Go with the flow

Extracts from New Scientist 2012

Is there an easy way to prime your brain for awesome efficiency in any skill? ‘Flow’ is the elusive mental state, that feeling of effortless concentration which characterises outstanding performance in all kinds of skills.

According to pioneering research by Anders Ericsson at Florida State University in Tallahassee, it normally takes 10,000 hours of practice to become expert in any discipline. Over that time your brain knits together a wealth of new circuits that eventually allow you to execute the skill automatically, without consciously considering each action.

Flow typically accompanies these actions. It involves a Zen-like feeling of intense concentration, with time seeming to stop as you focus completely on the activity in hand. The experience crops up repeatedly when experts describe what it feels like to be at the top of their game and with years of practice it becomes second nature to enter that state. Some people who experience this state at a far earlier stage in their training seem to be more naturally predisposed to the flow state than others.

This effortless concentration should speed up progress, while the joyful feelings which come with the flow state should make practice much easier, setting up athletes for further success, says Mihaly Csikszentmihalyi at Claremont Graduate University in California. Conversely, his research into the flow state in children shows that, as he put it: ‘Young people who didn’t enjoy the pursuit of the subject they were gifted in, whether it was maths, sport or music, stopped developing their skills and reverted to mediocrity’.

Many researchers have deemed the flow state too elusive a concept to tackle. In the late ‘70’s, Csikszentmihalyi, then a psychologist at the university of Chicago, helped change that view by showing that the state could be defined and studied empirically. He interviewed hundreds of talented people, artists, athletes, musicians, surgeons, chess players and rock climbers. This enabled him to pin down 4key features that characterise flow.

1. An intense and focused absorption that makes you lose all sense of time

2. Auto-telicity – the sense that the activity you are engaged in is rewarding for ‘its own sake’
3. Finding the ‘sweet spot’, a feeling that your skills are perfectly matched to the task at hand, leaving you neither frustrated nor bored
4. Automaticity – the sense that the ‘piano is playing itself’ without a great deal of input

Csikszentmihalyi used EEG (electroencephalography) to measure the brain waves of experts during activity. He found that the most skilled players showed less activity in the prefrontal cortex, which is typically associated with higher cognitive processes such as working memory and verbalisation. This may seem counter-intuitive, but silencing self-critical thoughts allow more automatic processes to take hold, which in turn produces the effortless feeling of flow.

Later studies have confirmed these findings and have revealed other neural signatures of flow. Chris Berka and her colleagues at the Advanced Brain Monitoring centre in Carlsbad, California, looked at the brain waves of archers and professional golfers. It was found that a few seconds before the arrow was released or the golf ball contacted, there was a small increase in what’s known as the Alpha band, one of the frequencies that arises from the electrical noise of all the brain’s neurons.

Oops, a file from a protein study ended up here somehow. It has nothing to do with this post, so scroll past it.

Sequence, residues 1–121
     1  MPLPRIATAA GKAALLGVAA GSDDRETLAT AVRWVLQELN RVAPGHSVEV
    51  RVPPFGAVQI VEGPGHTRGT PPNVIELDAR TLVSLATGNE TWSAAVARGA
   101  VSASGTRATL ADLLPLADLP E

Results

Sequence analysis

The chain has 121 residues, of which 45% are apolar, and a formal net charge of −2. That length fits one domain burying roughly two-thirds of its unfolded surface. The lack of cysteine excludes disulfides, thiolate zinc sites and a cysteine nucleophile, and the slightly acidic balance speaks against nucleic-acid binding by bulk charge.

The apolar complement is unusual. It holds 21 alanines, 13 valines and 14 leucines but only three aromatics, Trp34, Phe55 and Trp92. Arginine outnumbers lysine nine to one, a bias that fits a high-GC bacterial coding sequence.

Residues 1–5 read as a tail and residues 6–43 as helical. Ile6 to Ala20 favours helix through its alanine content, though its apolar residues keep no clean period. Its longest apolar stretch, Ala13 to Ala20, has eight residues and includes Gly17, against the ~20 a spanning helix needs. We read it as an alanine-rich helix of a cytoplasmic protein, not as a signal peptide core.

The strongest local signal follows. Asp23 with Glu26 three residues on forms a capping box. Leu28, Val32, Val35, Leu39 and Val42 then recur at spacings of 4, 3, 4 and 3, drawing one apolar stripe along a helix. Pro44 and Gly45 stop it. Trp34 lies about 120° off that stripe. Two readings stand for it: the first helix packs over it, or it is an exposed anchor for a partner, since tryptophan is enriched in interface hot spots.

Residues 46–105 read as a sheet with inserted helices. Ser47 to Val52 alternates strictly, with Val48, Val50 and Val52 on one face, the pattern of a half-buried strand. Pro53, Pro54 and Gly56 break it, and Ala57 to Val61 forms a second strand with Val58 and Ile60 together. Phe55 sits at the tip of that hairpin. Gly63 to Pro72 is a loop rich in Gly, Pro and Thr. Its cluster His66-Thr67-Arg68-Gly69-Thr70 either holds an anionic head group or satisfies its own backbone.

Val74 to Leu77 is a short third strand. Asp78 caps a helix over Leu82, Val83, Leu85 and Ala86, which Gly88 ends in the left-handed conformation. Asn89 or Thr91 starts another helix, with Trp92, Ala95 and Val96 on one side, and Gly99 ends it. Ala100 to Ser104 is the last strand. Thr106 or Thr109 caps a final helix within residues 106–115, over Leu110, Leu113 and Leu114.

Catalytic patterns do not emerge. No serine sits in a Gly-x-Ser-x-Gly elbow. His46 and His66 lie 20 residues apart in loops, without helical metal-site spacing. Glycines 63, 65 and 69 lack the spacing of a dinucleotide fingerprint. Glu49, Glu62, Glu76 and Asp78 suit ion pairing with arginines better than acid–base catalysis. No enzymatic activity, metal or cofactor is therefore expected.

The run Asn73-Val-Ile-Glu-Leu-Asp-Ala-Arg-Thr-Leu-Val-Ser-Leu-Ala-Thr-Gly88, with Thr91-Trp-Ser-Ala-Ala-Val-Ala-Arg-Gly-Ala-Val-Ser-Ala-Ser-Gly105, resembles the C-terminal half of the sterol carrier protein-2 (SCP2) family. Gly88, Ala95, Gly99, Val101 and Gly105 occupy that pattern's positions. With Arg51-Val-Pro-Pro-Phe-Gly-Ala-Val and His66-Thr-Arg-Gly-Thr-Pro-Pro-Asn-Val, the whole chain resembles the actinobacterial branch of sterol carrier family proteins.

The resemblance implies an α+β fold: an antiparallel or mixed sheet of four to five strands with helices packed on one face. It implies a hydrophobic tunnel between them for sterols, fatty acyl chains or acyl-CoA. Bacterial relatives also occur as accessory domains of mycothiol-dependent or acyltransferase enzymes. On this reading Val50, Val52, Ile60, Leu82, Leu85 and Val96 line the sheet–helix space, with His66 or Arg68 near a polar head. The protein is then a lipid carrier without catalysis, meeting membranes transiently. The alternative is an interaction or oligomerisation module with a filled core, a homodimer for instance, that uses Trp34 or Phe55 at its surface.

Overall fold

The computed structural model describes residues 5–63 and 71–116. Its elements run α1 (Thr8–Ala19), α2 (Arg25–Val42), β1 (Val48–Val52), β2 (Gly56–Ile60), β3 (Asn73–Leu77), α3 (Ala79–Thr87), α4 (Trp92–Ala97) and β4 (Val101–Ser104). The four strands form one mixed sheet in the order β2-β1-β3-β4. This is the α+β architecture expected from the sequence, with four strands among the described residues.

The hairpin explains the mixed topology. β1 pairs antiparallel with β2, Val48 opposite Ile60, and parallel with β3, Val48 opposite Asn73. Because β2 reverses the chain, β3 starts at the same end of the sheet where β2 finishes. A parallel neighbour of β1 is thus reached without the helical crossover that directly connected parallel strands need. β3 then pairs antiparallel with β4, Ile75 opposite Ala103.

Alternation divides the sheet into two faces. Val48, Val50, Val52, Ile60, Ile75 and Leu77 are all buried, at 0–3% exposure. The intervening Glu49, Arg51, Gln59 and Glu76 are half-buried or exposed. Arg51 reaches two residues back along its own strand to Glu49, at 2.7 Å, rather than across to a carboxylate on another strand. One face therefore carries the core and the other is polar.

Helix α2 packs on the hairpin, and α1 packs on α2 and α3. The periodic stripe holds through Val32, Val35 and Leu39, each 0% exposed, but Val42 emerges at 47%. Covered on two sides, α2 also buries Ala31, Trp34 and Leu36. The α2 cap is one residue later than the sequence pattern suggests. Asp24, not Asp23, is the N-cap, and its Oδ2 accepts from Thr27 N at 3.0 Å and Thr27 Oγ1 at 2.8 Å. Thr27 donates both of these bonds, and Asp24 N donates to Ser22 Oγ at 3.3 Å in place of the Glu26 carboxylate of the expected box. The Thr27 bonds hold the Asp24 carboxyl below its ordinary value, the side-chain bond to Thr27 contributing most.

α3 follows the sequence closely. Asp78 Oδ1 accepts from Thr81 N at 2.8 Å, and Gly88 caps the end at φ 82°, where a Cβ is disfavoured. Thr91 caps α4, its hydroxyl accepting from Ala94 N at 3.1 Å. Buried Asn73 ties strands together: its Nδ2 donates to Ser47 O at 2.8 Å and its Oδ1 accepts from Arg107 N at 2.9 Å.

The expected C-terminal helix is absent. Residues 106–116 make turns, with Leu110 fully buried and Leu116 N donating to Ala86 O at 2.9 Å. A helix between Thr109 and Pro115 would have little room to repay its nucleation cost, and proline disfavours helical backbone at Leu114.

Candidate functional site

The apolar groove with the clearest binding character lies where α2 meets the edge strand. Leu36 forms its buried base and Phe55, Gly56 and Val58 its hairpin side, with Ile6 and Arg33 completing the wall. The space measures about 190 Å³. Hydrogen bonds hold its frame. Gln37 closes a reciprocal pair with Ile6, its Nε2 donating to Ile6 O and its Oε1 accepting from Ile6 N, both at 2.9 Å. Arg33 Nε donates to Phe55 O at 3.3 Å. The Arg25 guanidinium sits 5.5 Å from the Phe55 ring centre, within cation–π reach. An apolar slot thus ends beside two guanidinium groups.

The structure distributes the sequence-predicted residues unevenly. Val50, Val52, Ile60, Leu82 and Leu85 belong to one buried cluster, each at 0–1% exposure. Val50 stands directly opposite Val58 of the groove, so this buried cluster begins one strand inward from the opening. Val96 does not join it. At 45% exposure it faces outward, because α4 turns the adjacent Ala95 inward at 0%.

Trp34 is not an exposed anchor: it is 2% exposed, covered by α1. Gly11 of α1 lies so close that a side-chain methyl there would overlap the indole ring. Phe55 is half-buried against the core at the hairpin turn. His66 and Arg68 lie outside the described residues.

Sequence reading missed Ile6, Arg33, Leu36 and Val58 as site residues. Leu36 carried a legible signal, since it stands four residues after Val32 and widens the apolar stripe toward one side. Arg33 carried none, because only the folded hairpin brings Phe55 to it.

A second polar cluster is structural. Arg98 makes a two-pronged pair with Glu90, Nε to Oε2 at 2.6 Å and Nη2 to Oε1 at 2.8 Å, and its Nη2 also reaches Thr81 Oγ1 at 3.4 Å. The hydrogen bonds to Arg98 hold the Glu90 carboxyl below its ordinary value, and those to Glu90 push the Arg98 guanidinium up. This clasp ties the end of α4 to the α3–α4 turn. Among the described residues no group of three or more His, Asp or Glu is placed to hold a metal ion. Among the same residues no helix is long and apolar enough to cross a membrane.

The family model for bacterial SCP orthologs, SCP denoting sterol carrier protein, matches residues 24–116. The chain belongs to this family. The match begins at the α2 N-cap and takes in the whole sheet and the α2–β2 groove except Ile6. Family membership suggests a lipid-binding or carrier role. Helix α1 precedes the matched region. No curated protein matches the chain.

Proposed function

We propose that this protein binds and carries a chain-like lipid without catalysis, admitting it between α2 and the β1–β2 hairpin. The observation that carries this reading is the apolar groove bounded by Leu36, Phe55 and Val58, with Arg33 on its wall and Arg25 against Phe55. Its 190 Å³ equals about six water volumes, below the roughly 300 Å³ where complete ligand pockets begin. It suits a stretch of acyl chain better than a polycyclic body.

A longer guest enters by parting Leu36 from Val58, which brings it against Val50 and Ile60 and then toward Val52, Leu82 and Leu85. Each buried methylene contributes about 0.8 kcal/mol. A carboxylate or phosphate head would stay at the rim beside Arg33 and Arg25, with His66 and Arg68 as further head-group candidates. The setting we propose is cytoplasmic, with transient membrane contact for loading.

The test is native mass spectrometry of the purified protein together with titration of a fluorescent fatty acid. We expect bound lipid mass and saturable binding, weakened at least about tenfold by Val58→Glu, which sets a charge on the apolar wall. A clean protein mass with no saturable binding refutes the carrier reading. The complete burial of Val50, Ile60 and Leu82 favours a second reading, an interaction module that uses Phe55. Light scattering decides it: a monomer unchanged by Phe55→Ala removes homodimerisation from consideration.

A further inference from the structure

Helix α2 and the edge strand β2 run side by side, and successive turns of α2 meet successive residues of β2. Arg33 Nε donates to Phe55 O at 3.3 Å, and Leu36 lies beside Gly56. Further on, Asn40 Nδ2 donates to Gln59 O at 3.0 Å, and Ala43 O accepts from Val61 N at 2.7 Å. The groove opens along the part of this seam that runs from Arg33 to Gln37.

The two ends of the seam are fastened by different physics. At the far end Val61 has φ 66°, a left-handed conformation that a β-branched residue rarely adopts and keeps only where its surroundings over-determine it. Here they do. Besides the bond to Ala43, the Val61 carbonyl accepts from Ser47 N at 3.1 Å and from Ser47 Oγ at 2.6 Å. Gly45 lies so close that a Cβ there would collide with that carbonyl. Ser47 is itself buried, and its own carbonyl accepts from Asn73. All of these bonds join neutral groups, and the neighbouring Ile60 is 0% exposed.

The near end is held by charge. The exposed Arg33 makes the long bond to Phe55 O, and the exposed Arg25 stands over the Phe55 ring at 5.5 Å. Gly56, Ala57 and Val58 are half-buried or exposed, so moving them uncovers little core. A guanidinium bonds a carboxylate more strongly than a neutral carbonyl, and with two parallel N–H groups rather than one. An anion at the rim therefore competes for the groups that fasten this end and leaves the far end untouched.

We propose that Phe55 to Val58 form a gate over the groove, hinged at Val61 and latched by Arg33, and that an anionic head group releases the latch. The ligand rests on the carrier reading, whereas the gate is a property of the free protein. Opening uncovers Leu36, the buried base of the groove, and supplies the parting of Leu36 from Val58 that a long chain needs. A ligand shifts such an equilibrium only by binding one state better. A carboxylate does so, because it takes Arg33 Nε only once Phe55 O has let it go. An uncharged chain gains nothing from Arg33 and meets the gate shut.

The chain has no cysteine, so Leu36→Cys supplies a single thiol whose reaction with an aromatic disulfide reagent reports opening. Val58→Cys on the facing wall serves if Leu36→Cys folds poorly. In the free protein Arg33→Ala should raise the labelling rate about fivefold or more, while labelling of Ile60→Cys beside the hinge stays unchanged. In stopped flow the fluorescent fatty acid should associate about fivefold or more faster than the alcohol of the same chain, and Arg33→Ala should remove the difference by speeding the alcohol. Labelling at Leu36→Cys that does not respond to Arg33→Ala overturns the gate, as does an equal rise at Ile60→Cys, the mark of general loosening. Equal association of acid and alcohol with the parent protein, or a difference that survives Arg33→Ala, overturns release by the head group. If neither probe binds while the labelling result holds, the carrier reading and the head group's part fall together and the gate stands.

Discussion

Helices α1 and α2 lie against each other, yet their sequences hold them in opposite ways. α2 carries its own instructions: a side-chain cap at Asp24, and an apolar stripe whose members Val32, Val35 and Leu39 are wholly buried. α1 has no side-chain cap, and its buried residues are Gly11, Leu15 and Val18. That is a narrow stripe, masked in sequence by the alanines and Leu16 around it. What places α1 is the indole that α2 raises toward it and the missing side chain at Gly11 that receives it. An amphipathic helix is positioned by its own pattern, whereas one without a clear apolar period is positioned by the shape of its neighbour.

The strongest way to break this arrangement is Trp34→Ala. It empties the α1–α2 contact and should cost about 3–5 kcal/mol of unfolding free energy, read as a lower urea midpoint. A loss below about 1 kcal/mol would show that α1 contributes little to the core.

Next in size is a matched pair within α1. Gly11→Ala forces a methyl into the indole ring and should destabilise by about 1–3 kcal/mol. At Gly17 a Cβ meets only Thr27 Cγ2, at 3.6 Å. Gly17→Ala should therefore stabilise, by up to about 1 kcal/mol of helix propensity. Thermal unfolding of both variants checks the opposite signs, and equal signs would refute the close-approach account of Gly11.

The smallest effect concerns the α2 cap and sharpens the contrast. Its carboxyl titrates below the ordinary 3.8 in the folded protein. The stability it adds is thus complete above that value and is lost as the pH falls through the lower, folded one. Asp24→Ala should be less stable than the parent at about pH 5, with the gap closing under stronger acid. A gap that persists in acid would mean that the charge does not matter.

This surge in Alpha waves is associated, Berka says, with reduced activation of the cortex and is always more obvious in experts than novices. Her opinion is that it represents focused attention on the target while other sensory inputs are suppressed. She found these mental changes are accompanied by slower breathing and a lower pulse rate as you might expect from relaxed concentration.

Defining and characterising the flow state is all very well but could a novice learn to turn off his/her critical faculties and focus his/her attention in this way, thus boosting performance? Gabriele Wulf, a kinesiologist at the University of Nevada, Las Vegas, helped to answer this question in 1998 when examining the way athletes move.

At the time she had no interest in the flow state, but she and her colleagues found they could quickly improve athletes’ abilities by asking them to focus their attention away from their body and on to some external point. Young skiers performed better and learned faster when they focused on a point ahead of them instead of on the movements they were executing at the time.

Wulf and her colleagues later found that an expert’s physical reactions require fewer and more economical muscle movements than those of a novice. They also experience less mental strain, lower heart rate and shallower breathing – all characteristics of the flow state. These findings were confirmed by later studies of expert and novice swimmers. Novices who concentrated on an external focus – the water’s movement around their limbs – showed the same effortless grace as those with much more experience, swimming faster and with a more efficient technique. Conversely when the expert swimmers focused on their movements and what they were doing, their performance declined.

Wulf’s findings fit in well with the idea that flow – and better learning – comes when you turn off conscious thought. When you have an external focus, you achieve a more automated control, you don’t think about what you are doing or how you do it, you focus more on the outcome.

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